Somewhat assuaged, AIPAC issued a statement commending Obama on his speech, citing his commitment to preventing Iran from acquiring nuclear weapons and his “his recognition that Israel cannot be expected negotiate with a group that denies its fundamental right to exist.” Even Netanyahu backed down a bit from the severity of his previous remarks and said that he was “determined to work together” with the president to advance peace.

After trudging through this week’s speeches, rebuttals, and the commentaries, it seems that Netanyahu and Obama wholeheartedly agree on the necessity to preserve a strong and secure Israel, supported by an alliance with America. They can even tout the same key phrases such as “advancement of peace” and “defense of democracy.” It is only how to go about accomplishing these things for which they seem to have trouble coming up with a compromise. Obama said that he and Netanyahu disagree, as friends do, but have always had an open and honest relationship. Both even agree that there is no time to debate and fumble with foreign policy objectives as Israel sits in a hotbed of political turmoil and terrorist threats. But how speedily can peace negotiations be finalized with Palestine when Israel and its ally can’t even determine how to approach such a peace deal?

Along with abortion and gay rights, Israel support is increasingly becoming a hot button political issue, leaving the Jewish vote for the upcoming election in flux. NPR recently ran an article questioning if American Jews were much more concerned with domestic issues, such as health care, than they are with Israel. Still, Obama and GOP hopefuls seem to be scrambling for those votes in any way possible. In a conference call earlier this week, Obama begged Jewish reporters not to perpetuate the hype that is in any way anti-Israel. Meanwhile, it was just announced that Haim Saban, a billionaire Israeli-American donor to the Democrats has announced he won’t be donating to President Obama’s re-election effort. He feels that Obama needs to show more support of Israel and make a visit to the Jewish homeland.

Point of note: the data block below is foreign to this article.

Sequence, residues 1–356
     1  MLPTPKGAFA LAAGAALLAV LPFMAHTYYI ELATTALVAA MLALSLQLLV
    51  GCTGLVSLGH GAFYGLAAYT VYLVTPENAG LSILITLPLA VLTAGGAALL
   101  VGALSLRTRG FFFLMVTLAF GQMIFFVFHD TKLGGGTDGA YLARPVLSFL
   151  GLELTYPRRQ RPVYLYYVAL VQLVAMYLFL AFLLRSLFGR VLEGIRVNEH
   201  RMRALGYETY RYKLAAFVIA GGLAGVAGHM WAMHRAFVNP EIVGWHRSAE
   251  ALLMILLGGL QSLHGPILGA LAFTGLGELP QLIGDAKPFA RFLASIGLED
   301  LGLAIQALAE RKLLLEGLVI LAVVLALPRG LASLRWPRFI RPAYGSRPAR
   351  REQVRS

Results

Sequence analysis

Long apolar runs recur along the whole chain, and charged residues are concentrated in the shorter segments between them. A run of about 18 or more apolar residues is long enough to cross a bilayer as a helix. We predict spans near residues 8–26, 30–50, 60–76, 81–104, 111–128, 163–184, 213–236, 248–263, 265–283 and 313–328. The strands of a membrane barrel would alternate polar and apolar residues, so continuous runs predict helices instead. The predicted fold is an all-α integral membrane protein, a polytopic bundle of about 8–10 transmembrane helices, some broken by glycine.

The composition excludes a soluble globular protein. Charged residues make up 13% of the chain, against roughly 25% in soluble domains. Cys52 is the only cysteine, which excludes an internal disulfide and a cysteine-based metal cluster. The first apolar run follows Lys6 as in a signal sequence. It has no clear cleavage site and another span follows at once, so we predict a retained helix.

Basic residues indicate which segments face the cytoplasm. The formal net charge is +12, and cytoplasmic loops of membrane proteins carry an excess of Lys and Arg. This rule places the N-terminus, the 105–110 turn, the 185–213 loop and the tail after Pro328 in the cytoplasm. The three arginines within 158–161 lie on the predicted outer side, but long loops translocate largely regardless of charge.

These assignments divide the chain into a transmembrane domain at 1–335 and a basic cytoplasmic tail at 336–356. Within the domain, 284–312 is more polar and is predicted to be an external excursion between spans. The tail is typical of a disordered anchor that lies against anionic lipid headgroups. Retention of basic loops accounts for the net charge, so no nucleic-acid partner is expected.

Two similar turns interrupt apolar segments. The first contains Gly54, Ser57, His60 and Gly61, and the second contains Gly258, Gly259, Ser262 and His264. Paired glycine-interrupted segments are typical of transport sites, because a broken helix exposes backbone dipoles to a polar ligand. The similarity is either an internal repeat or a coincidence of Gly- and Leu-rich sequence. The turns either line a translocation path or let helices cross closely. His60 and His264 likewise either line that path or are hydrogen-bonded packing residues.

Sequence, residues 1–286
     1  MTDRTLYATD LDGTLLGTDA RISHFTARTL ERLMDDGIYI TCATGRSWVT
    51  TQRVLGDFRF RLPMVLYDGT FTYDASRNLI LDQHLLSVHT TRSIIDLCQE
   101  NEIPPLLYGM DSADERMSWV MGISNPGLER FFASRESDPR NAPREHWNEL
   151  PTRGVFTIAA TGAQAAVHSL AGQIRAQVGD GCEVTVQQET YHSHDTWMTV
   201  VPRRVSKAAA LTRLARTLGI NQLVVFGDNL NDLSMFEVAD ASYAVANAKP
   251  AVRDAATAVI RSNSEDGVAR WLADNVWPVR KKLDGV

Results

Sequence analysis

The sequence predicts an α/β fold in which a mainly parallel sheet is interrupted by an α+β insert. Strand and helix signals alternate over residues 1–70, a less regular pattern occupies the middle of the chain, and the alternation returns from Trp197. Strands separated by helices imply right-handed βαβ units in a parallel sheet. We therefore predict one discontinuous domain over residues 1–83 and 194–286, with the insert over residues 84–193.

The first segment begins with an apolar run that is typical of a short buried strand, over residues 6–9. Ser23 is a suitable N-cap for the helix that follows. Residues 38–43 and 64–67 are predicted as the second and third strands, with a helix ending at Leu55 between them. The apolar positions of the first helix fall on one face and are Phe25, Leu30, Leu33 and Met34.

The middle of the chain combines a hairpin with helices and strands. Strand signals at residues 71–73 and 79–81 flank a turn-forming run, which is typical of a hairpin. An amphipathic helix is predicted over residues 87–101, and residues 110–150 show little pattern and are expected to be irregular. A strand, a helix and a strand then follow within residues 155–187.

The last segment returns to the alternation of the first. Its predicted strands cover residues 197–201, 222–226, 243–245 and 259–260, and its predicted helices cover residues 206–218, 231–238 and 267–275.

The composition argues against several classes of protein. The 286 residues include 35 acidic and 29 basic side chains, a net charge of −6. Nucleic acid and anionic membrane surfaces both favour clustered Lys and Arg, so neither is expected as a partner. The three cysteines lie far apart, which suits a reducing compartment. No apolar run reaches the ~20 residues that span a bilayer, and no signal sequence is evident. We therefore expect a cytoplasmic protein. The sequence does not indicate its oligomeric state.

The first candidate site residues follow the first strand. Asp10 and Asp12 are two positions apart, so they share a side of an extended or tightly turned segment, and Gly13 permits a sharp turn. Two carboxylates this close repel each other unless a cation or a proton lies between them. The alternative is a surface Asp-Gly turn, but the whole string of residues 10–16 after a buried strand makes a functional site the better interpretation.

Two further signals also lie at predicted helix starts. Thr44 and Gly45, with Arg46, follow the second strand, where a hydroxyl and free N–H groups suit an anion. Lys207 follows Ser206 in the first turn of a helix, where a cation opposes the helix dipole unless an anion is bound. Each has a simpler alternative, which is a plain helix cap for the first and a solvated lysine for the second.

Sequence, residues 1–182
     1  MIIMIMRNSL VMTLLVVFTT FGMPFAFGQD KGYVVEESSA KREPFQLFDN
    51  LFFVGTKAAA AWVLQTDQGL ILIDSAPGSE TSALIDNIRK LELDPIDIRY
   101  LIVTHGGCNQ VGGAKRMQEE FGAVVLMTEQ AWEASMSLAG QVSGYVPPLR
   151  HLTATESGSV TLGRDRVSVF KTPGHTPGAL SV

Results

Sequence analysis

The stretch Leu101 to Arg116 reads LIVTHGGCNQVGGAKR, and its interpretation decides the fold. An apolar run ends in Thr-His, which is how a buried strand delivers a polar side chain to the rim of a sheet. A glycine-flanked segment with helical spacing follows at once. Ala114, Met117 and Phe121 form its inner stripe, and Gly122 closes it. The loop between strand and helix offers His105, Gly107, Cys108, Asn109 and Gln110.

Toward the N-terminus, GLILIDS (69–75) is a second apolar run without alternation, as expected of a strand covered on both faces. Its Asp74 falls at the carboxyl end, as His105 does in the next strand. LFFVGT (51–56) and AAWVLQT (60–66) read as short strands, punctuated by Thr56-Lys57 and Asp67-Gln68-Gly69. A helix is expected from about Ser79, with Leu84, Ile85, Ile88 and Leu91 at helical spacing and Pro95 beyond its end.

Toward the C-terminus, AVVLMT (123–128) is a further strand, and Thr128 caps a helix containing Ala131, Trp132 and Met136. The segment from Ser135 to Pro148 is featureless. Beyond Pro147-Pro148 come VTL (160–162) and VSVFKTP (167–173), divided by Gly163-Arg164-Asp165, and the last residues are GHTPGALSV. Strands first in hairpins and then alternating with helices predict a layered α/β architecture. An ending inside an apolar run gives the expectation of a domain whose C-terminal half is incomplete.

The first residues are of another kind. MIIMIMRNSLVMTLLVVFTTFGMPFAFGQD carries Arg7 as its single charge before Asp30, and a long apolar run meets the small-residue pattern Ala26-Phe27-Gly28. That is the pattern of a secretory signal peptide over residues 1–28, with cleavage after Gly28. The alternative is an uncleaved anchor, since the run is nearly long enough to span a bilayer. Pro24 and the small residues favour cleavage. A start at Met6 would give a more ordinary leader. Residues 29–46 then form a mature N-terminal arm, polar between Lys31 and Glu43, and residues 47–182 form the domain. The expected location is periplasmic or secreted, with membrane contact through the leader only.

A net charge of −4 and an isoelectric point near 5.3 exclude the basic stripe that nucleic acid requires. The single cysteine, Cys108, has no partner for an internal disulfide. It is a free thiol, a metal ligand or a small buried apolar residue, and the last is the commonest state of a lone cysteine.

Although the U.S. remains a powerful and crucial ally for Israel, in the end, it’s not our call on how Israel sets its borders. And with Palestinian aggression, it may not be Israel’s call either. Chairman of the National Jewish Democratic Council Marc R. Stanley responded to Obama’s AIPAC speech, saying, “Support for Israel isn’t a Republican issue, it isn’t a Democratic issue, it is an American issue. The future safety and security of a democratic, Jewish State of Israel is safeguarded when we all work together, not when we resort to petty political games and finger pointing.” In the near future, there are decisions to be made, votes to be cast, and ultimately, lives to be protected. Going backwards to account for the future may not be possible.

Tweeting AIPAC

Well, folks, another AIPAC Policy Conference has come and gone, and this year’s had no shortage of buzz. With a pair of high-profile speeches from Barack Obama and Benjamin Netanyahu, bookended by the former’s speech on the Middle East last week and the latter’s Congressional address earlier today, the 2011 Conference generated a lot of chatter on that up-and-coming phenomenon, the Internet. Here are a few of our favorite tweets from the weekend’s events:

Noah Pollak (@noahpollak), Executive Director of the Emergency Committee for Israel:

  • “Boehner is great. But he looks like he spent the weekend pounding Bud Lites on a motorboat. Sunscreen, Mr. Speaker. Check it out.”

Jeffrey Goldberg (@Goldberg3000), national correspondent, The Atlantic:

  • “AIPAC convention feels a bit like what I imagine the atmosphere inside the Loehmann’s dressing room to be.”
  • “Is it possible to find speakers who can pronounce ‘Iran’ correctly? All existential threats should be pronounced with care.”
  • “A problem for Israel: Bibi looking to marry Republicans, but some Republicans might only be interested in dating through 2012.”
  • “Basic problem for POTUS: AIPAC is a Leon Uris crowd, Obama is more Philip Roth.”

Eli Lake (@elilake), national security reporter, The Washington Times:

  • “When Netanyahu ends his speech, will Congress PA system play the theme song of Greatest American Hero? Believe it or not it’s just Bibi.”

Matt Yglesias (@mattyglesias), political writer: